#1
Hi!

Okey, I know there are tons of threads like this out there, but my question/problem is kind of different. I couldn't really find any answers to this. So here it goes:

My problem is actually not the common "string noise", but an unwanted power chord sounding when I pick single notes. Let's say I pick A 12th fret then D 9th fret, the second note rings out together with the first note which creates a power chord type of sound. How is the proper way to pick and release? I never really noticed I had problem with this until I started to play more progressive stuff. I didn't really pay attention to this while I was fooling around with thrash metal songs.

The funny thing is that I tried really f*cking slow, going from a string to another, trying different techniques, and I always get that power chord sound. It sounds correct maybe 1 out of 10 tries. I just can't figure out the theory behind it. How do I get the second note ring out on it's own? What's the secret?

Thanks!
#2
lift your finger off of the note you fretted 1st
ProTone Pedals: Attack Overdrive
Fractal Audio: AxeFX 2
Engl: Fireball 60
Zilla: Fatboy 2x12
Carvin: DC700
Carvin: Vader 7
Schecter: KM-7 MKii
Schecter: Banshee 8 Passive
Jackson: DK2M
#3
Just takes lots of practice man. I remember when I first started and it took me awhile to be able to change strings properly.
Quote by C O B H C
If you want to get really technical about it..

1. Grab sticks.
2. Bang sticks on drums.


^how to play drums.


UG POKER
#4
Quote by pigeonmafia
lift your finger off of the note you fretted 1st


That's how I do, but still get the noise.

Yellowshirtguy: Heh, yeah, I know that practicing is the key to everything, I'm just trying to figure out how it works, or suppose to work in theory.
Last edited by MetalMullet at Mar 15, 2011,
#5
try lifting your finger enough that the note is no longer fretted, but your finger still touches the string.
Does that solve your problem?
#6
First thing to do is to make sure you're releasing the fret properly, you don't want to be generating noise as you remove your finger. Practise just playing the note and then relaxing your finger until the note dies, you may have to do this very slowly at first.

Second, use your palm to mute. The same part of your hand that you use to palm mute should touch all the strings below the one you're playing very lightly (when I say below, I mean pitch wise, so if you're playing the A string, your palm touches the low E). You want to make sure you're not pushing down or restricting your hand's motion, just touch enough to make the strings sound dead.
This point of contact moves as you change strings, so if you're playing the A string, you'll be muting the low E and then when you move to the D string, your palm will also move down to mute both the low E and the A strings.
Speed is a by-product of shut the fuck up.
#7
Well, if you're playing the 12th fret on the A string, then the harmonic is probably just ringing out. Happens to me all the time on frets that have natural harmonics.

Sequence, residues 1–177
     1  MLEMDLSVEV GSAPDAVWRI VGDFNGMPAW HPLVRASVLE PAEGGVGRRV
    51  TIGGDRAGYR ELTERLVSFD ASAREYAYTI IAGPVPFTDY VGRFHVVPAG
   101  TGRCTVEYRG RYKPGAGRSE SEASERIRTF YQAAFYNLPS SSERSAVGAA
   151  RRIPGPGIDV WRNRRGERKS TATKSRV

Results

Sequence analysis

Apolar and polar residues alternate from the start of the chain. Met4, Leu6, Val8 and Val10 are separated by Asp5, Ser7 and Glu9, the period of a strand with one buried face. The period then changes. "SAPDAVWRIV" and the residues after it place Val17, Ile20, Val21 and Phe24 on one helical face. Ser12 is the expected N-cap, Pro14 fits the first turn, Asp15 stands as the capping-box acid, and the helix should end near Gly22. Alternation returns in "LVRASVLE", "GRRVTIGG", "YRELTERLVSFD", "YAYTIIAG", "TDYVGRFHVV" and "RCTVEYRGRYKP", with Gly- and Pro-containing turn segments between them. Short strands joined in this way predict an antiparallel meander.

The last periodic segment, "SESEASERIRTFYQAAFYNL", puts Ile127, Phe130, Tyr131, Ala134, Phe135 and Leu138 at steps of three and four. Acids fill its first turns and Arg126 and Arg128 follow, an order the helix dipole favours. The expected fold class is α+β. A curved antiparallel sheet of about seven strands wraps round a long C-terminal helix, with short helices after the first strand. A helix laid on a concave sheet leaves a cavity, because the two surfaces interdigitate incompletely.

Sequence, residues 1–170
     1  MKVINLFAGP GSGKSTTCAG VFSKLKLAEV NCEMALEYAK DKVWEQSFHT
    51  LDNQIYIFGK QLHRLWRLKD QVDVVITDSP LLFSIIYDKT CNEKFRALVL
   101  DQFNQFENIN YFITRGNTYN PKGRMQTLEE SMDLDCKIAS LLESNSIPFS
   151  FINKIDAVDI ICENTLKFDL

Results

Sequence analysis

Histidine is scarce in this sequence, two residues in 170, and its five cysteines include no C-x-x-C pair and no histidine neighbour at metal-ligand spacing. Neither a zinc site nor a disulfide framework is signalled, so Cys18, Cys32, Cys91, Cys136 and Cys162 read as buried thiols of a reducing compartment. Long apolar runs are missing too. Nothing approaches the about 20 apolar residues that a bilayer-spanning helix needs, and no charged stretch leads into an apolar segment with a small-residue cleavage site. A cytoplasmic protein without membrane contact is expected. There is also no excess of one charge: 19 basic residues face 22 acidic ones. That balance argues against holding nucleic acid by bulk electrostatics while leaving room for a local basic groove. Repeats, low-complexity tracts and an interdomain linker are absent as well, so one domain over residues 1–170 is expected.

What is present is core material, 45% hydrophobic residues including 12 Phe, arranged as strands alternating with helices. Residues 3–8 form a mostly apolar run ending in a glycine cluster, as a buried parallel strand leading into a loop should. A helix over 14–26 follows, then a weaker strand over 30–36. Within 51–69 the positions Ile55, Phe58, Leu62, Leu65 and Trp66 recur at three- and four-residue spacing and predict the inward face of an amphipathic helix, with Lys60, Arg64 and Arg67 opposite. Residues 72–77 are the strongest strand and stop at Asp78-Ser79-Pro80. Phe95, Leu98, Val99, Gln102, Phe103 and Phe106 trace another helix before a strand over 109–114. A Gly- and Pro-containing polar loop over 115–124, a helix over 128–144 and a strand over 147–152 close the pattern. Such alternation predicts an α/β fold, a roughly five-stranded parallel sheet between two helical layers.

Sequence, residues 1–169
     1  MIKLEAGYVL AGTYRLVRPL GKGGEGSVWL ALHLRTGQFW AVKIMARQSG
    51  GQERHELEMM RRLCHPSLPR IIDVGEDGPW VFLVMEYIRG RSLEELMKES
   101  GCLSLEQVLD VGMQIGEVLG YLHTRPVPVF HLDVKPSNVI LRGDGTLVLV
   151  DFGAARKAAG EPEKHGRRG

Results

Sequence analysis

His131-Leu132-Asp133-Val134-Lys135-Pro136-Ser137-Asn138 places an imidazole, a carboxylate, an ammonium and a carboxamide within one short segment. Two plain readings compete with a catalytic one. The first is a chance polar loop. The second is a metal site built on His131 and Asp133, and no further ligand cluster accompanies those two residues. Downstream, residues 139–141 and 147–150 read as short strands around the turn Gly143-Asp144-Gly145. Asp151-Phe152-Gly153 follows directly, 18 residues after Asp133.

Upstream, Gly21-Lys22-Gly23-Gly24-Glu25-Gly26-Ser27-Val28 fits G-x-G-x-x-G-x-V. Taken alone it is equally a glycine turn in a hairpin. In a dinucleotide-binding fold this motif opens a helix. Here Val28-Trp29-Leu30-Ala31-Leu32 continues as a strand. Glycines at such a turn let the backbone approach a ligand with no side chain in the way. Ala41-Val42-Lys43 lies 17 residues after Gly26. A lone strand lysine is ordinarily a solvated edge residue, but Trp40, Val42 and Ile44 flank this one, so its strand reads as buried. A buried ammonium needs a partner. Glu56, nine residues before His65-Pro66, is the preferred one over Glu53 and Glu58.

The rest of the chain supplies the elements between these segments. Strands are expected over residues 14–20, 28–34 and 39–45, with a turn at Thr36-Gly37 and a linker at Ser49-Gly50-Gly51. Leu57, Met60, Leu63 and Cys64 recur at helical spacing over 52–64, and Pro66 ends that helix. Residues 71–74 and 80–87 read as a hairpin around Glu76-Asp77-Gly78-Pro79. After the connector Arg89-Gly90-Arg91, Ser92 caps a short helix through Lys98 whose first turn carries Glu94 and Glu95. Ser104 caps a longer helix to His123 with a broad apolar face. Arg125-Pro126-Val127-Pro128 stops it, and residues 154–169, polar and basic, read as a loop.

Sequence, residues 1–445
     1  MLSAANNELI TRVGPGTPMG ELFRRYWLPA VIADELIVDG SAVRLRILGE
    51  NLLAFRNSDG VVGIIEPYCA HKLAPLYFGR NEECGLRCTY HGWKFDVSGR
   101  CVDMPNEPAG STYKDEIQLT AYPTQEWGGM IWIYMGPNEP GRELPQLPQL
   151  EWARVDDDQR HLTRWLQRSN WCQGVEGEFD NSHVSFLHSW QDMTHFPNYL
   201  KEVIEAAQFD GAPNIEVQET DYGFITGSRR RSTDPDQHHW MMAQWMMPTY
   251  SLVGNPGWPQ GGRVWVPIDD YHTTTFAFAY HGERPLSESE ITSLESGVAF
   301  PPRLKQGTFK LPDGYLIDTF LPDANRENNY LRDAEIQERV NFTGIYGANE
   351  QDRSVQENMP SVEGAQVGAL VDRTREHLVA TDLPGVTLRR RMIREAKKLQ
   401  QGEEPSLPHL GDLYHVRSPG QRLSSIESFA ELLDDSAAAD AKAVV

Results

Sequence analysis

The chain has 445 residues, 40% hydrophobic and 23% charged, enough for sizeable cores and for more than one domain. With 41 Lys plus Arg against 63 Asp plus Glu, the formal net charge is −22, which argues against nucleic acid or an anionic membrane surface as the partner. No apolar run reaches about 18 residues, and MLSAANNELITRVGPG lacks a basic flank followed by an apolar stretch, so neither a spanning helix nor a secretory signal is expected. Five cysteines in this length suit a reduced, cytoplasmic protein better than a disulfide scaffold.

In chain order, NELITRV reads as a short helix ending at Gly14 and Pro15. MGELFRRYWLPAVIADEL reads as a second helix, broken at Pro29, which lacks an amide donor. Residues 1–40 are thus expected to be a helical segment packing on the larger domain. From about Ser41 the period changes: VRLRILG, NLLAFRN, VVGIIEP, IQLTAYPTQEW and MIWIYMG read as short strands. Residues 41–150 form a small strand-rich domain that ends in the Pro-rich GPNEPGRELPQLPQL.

Quote by Aleksi
First thing to do is to make sure you're releasing the fret properly, you don't want to be generating noise as you remove your finger. Practise just playing the note and then relaxing your finger until the note dies, you may have to do this very slowly at first.

Second, use your palm to mute. The same part of your hand that you use to palm mute should touch all the strings below the one you're playing very lightly (when I say below, I mean pitch wise, so if you're playing the A string, your palm touches the low E). You want to make sure you're not pushing down or restricting your hand's motion, just touch enough to make the strings sound dead.
This point of contact moves as you change strings, so if you're playing the A string, you'll be muting the low E and then when you move to the D string, your palm will also move down to mute both the low E and the A strings.

Do this instead. The technique whoomit described usually works, but if the fret in question has a natural harmonic, then when you lift your finger off the harmonic will play instead.
Last edited by toxictaipan at Mar 15, 2011,
#8
Thank you Aleksi for your detailed answer. I think the solution is basically what whoomit wrote. I thought that I have learnt this already and it became a reflex, but guess not. Most of the time I release the frets properly, but there are a couple of stubborn notes where I really have to be careful. Also I find it really hard to mute single notes with my palm. I mostly use my fretting hand to mute unwanted string noise. When I use my palm, all the strings get muted. But I will be practicing it and hopefully master it one day.

Toxictaipan, I actually wrote the wrong notes in my earlier example. What I had problem is the following: A 8th fret to D 6th fret. I fretted the A string with my middle finger when I had this noise problem and then jumped to the 6th fret D string with my index finger. But I figured it out (what a genius ) that I can get a lot clearer sound if I use my ring finger instead. That way I can mute the A string while picking the D.

Thanks for the help guys!
#10
I've seen your video a long time ago mate, but I didn't really pay attention because back then I was still struggling with how to turn on the amp. But now it all makes sense. Muting with your thumb is clever, it's a lot easier than muting single notes with your palm. Wonder why I never thought about it...Thanks! The index finger muting I'm kind of used to by now. I will practice that!